Student Navigator Jennifer Woodrum reflects on her recent attendance at CMPI fellow Ella Saputra’s recital.
The day began like most other days with some peace and quiet, morning coffee and a quick workout.
Chaos ensued as the time came closer to leave for Ella’s recital. My husband and I both had to leave for our Sunday morning work and the babysitter was running late. I left the house 10 minutes later than planned but found comfort in the fact that there would likely be no traffic on a Sunday morning. I got on the highway, which was wide open, until I reached the point that was about four miles from the Madison Street exit. I voice texted Ella’s mom to let her know that I would be 5-10 minutes late and to start without me, chugging along at five miles an hour until I reached the exit.
I made it! I sat down in Gottlieb Hall and as if on cue, Ella walked onto the stage with her pianist, the bottom of her dark mauve chiffon dress elegantly swaying as she walked. She launched right into the first movement of Beethoven’s Sonata No. 4, highlighting the dramatic shifts from major to minor with stark contrast in articulation, dynamics and facial expression. The pianist and Ella were flawlessly synced.
I was transported to a place that I had not been in over a year. A ritual that, for me, resulted in both internal and external clarity and awareness. I was at a live solo recital, which up until March 2020 was something I experienced on a regular basis.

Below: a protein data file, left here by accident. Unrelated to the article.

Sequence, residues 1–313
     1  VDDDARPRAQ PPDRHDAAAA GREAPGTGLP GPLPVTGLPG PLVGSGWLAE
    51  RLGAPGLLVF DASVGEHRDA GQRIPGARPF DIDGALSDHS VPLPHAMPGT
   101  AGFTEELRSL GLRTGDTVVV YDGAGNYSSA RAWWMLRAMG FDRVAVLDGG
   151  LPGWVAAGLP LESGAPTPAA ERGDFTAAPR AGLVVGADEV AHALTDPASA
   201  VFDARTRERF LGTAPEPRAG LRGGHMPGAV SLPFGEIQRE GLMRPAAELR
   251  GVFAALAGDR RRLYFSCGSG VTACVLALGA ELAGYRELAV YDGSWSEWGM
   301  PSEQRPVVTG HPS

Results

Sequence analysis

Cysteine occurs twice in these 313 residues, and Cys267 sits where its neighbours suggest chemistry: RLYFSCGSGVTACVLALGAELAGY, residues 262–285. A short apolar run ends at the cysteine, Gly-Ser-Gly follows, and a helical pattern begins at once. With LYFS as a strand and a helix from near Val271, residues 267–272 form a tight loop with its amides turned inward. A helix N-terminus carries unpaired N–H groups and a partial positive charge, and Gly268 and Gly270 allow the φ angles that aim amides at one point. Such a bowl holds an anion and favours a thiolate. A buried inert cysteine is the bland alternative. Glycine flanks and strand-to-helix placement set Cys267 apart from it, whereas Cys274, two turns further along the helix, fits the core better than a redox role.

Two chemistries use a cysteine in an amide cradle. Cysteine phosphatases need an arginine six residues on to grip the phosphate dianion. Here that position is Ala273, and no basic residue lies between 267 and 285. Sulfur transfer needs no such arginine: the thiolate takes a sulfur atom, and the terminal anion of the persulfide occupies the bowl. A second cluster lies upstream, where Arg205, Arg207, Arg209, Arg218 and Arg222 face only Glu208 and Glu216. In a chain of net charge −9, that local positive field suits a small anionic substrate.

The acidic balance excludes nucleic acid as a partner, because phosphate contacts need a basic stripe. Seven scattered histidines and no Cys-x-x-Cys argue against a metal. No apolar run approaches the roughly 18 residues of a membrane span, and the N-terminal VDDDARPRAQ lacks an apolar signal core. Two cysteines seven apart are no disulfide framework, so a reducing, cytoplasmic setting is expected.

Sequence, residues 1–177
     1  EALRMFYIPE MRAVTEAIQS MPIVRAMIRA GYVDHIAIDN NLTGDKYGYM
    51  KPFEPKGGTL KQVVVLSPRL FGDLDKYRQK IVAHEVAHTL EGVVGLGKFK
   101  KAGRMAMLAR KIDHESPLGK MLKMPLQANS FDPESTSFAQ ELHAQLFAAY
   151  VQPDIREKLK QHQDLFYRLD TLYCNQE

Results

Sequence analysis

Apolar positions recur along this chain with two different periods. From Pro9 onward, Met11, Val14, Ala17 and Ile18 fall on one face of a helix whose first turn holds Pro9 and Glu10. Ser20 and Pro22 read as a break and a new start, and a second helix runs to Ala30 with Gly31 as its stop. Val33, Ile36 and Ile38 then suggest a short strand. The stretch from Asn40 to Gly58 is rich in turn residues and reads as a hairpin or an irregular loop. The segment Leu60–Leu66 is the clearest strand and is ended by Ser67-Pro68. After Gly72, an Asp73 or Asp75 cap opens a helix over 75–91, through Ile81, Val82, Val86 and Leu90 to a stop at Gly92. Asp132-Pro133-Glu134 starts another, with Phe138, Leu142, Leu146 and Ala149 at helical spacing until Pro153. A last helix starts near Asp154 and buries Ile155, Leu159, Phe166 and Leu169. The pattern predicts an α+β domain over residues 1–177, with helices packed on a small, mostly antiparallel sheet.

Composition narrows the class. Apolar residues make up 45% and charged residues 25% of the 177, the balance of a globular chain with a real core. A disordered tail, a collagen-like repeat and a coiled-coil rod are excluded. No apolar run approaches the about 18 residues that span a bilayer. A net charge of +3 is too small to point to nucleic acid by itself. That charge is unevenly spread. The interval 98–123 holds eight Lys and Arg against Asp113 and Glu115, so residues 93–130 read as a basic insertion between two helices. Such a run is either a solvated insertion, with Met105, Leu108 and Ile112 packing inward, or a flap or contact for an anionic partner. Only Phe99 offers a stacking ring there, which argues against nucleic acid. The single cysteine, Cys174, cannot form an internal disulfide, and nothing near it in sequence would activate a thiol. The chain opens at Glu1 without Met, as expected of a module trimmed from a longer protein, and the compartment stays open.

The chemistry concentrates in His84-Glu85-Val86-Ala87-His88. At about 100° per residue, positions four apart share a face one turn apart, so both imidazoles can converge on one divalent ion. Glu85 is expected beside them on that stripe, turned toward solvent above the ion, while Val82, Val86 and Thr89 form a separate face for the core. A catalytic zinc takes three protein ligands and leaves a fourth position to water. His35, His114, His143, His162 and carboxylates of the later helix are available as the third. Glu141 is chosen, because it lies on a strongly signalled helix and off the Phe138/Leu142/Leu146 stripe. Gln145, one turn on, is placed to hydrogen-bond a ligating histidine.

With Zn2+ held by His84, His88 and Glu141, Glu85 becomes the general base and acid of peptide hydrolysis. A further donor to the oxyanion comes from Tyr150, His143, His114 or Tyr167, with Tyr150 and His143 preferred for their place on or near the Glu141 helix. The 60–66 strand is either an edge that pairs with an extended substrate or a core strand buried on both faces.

The ritual of live performance is like the Tibetan Singing Bowl that initiates deep meditation. The applause that welcomes the performers to the stage, the gracious bowing of the performers as they acknowledge and establish connection with the audience, sometimes the lights dim. As the first notes fill the hall, the mind abandons habitual activity and fully surrenders to the now, completely committed to taking the emotional journey mapped out by the performers on stage.
Like someone who had just completed a spiritual fast, after 16 months of virtual performances, I was ravenous for this experience — this ritual. I consumed it with all my being and throughout the performance, let my eyes well up with tears, the corners of my mouth turn up in smiles, my pulse quicken and then slow down and I let my heart overflow with emotion and fly.
This past year has presented itself to all of us as an opportunity to reset the way that we experience live music. When you sit down to hear live music this year, surrender to the ritual — set an intention to engage in active listening and open yourself up fully to the experience.
PHOTO: Ella Saputra at her solo recital